Kind of. The technical answer is no, but you could implement what would effectively be the same thing as rolling it over, age permitting. Generally speaking, a “rollover” is where you either extend the duration of a financial product, or start a new duration from a higher starting position. The most common use case for this is on fixed-interest and fixed-term bank deposits, and a “rollover” in this case would be where you reach the end of the fixed duration, receive your fixed interest, and either automatically or manually reinvest both your initial capital and interest into another fixed-interest and fixed-duration bank deposit, usually on the same terms and conditions.


With this pension plan, when your chosen duration ends you can do whatever you like with it – withdraw it to any bank account in your name, keep it invested and growing until you need it, or take some and leave some – all options are available to you.


If you wanted to “rollover” this pension plan, you would have to do two things – firstly convert your pension plan account (which is designed for receiving smaller regular payments) into an account type which is designed for holding larger balances and allows you to make regular or ad-hoc withdrawals (this is a quick and easy administrative process), and secondly start a new pension plan which would be funded from the amount you have already accrued in your first pension plan.


This would technically give you a higher guaranteed minimum future value – because the monthly amount you could afford to pay, when funding it from the already-accrued value, would be much higher than you were originally paying in – but to fully “rollover” the full amount accrued would mean that you either have to take the volatility risk on your already-accrued pension value which could, in a worst case scenario, fluctuate to the point where you don’t have enough left to pay the last few payments due over the new pension plan duration, or even worse, be forced to keep your already-accrued pension plan value invested into something with such a pointlessly low rate of return (i.e. cash, or the bank deposits mentioned above) in order to guarantee that you could make all payments over the new term, that you would be losing out on decent investment returns on the already-accrued pension value.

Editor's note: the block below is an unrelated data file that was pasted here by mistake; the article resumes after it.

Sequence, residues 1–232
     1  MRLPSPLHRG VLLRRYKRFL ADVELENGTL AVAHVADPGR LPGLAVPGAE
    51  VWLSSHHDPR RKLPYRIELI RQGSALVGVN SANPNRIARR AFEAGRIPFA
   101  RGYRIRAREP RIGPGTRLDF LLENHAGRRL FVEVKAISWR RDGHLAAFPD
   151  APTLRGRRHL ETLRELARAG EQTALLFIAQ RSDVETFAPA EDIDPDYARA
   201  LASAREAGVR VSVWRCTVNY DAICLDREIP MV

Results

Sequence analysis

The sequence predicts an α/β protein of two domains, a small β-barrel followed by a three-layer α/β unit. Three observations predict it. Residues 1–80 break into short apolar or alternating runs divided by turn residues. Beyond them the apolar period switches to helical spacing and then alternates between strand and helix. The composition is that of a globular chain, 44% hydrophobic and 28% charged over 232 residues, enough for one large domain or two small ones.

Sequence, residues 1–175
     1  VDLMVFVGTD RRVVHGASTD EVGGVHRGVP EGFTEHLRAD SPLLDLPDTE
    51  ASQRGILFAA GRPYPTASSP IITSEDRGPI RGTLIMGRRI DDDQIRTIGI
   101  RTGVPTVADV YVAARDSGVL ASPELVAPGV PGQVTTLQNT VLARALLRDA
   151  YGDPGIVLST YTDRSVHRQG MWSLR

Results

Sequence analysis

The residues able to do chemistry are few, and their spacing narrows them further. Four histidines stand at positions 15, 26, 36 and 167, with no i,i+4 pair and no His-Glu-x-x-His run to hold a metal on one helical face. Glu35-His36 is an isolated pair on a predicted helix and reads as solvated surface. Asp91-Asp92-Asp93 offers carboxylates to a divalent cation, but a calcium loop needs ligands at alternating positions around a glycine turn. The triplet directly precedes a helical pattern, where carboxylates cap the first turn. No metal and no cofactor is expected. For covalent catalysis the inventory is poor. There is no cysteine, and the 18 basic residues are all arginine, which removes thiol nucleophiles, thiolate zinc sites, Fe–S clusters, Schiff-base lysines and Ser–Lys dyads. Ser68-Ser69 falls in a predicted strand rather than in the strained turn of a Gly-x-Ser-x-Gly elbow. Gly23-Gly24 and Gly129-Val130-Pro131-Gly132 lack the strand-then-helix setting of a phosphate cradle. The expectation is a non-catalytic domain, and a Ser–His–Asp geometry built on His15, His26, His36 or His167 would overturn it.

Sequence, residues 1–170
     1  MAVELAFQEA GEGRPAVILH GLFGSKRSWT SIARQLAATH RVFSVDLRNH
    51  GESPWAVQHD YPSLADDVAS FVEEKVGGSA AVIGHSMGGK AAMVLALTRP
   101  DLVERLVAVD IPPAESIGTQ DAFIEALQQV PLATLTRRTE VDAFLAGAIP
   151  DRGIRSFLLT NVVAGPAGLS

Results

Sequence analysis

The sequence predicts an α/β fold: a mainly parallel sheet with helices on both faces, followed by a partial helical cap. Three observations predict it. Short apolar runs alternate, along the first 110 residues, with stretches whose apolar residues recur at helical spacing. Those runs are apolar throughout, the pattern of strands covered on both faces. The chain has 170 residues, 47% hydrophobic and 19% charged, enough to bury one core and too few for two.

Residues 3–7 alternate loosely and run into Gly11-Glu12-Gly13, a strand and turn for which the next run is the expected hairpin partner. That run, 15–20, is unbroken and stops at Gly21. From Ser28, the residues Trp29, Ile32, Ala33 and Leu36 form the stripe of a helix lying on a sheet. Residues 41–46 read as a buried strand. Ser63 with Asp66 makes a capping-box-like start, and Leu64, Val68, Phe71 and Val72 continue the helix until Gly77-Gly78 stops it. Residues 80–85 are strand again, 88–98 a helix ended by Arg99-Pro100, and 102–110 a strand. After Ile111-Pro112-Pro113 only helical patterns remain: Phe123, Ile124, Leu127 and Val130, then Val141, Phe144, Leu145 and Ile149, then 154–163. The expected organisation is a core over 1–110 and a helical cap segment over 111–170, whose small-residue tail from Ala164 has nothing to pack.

So generally speaking, it wouldn’t be a great idea to deliberately set out to “rollover” the full amount, but there are obvious advantages of gradually transferring already-accrued assets and investments – or even cash in the bank – which do not have a capital guarantee or guaranteed minimum future value, into something which does – whether those already-accrued assets and investments come from an already-completed pension plan, or from anywhere else. If you’re thinking of doing this, or if you find yourself in a situation where you have completed your pension plan duration and want to keep saving more for your retirement, just make sure that you’re not over-committing yourself – make sure that you can stick to the plan, to make sure that you can keep that guarantee in place – and make sure that you’re not harming any other aspect of your overall financial planning if you’re converting investments which you could withdraw from at any time into an investment which is designed to remain fully invested for the full chosen duration.


Additionally, try to avoid being in the situation where you’ve reached the end of your pension plan duration and either don’t have enough money to retire, or wish you had chosen a longer duration. For example, there is very little benefit in choosing a 10-year duration and then starting another 10-year duration – you only get a 100% capital guarantee each time instead of a 160% capital guarantee on the 20-year duration, and also you would receive less bonuses and pay slightly higher charges if you chose to follow a 10-year plan twice, instead of selecting a 20-year plan from the start. 20 years might seem like a long time, but it is less than half the time that most people spend working before they retire – most single-jurisdiction plans worldwide run for significantly longer, often up to 40 or 50 years.


Pick the duration that best fits your financial goals, and stick to the plan!